We knew nobody in the city; we had hurried our departure, but I was not expected at the office till the following Monday. Since I had taken to my bed I had wondered at my imprisonment in this narrow room into which we had tumbled after a railway journey of fifteen hours, followed by a hurried, confusing transit through the noisy streets. My wife had nursed me with smiling tenderness, but I knew that she was anxious. She would walk to the window, glance out and return to the bedside, looking very pale and startled by the sight of the busy thoroughfare, the aspect of the vast city of which she did not know a single stone and which deafened her with its continuous roar. What would happen to her if I never woke up again-- alone, friendless and unknowing as she was?
Marguerite had caught hold of one of my hands which lay passive on the coverlet, and, covering it with kisses, she repeated wildly: "Olivier, answer me. Oh, my God, he is dead, dead!"
So death was not complete annihilation. I could hear and think. I had been uselessly alarmed all those years. I had not dropped into utter vacancy as I had anticipated. I could not picture the disappearance of my being, the suppression of all that I had been, without the possibility of renewed existence. I had been wont to shudder whenever in any book or newspaper I came across a date of a hundred years hence. A date at which I should no longer be alive, a future which I should never see, filled me with unspeakable uneasiness. Was I not the whole world, and would not the universe crumble away when I was no more?
To dream of life had been a cherished vision, but this could not possibly be death. I should assuredly awake presently. Yes, in a few moments I would lean over, take Marguerite in my arms and dry her tears. I would rest a little while longer before going to my office, and then a new life would begin, brighter than the last. However, I did not feel impatient; the commotion had been too strong. It was wrong of Marguerite to give way like that when I had not even the strength to turn my head on the pillow and smile at her. The next time that she moaned out, "He is dead! Dead!" I would embrace her and murmer softly so as not to startle her: "No, my darling, I was onlyzed that she was drawing nearer. She examined me, touched me and, turning to Marguerite, murmured compassionately: "Poor girl! Poor girl!"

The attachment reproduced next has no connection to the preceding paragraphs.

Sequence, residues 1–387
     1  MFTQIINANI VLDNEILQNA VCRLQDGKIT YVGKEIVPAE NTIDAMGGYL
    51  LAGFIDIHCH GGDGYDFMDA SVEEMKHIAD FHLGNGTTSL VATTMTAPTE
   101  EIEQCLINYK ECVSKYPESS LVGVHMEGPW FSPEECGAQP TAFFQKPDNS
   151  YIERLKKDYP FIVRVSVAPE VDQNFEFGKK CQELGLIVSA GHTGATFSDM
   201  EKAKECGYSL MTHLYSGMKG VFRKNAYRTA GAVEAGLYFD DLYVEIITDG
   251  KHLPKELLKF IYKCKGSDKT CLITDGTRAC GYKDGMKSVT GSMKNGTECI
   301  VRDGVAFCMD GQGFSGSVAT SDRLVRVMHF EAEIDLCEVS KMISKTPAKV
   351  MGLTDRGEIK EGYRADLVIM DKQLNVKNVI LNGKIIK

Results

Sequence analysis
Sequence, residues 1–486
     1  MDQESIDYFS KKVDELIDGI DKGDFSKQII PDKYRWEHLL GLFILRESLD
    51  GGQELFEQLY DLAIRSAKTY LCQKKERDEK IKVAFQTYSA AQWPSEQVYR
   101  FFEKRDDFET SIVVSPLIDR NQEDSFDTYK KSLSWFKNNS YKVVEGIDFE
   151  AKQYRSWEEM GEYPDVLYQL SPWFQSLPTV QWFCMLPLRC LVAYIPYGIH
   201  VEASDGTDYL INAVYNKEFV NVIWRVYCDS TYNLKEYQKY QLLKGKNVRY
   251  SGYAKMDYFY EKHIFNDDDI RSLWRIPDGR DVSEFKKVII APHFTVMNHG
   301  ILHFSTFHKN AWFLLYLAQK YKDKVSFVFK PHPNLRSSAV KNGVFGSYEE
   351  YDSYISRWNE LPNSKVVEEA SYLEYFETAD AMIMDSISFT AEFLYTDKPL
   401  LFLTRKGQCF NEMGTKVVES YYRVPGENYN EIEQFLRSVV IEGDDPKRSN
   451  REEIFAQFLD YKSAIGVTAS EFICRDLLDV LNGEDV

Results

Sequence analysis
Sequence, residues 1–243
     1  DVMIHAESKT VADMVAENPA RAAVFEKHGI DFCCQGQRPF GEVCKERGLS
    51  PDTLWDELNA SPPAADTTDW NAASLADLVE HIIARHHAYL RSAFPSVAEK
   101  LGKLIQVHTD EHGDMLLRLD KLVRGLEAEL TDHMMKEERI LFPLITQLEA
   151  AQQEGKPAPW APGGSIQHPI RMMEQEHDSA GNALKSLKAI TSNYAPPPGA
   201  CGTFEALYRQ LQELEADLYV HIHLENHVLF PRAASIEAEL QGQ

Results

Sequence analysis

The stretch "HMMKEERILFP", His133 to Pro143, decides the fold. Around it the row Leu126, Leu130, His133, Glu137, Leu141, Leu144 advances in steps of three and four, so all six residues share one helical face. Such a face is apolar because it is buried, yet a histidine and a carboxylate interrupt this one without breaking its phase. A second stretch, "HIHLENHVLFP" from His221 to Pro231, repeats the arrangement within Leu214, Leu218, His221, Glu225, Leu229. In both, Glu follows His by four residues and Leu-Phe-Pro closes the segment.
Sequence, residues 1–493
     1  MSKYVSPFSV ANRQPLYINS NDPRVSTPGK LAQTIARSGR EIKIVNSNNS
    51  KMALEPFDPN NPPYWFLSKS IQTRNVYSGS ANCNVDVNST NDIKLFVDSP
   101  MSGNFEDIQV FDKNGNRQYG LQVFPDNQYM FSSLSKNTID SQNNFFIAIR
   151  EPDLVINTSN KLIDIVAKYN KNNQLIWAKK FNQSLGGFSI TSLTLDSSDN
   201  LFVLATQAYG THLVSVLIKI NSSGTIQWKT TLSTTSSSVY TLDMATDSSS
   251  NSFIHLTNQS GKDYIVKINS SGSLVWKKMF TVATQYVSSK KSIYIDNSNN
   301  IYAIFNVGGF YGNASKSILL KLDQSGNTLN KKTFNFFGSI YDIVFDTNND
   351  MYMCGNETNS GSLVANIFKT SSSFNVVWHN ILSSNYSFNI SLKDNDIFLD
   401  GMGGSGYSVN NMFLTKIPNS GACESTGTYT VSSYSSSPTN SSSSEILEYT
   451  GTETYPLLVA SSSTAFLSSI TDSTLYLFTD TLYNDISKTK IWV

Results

My wife, wearied out, was sobbing like a child. Mme Gabin lifted her, placed her in a dilapidated armchair near the fireplace and proceeded to comfort her.
"Indeed, you'll do yourself harm if you go on like this, my dear. It's no reason because your husband is gone that you should kill yourself with weeping. Sure enough, when I lost Gabin I was just like you. I remained three days without swallowing a morsel of food. But that didn't help me--on the contrary, it pulled me down. Come, for the Lord's sake, be sensible!"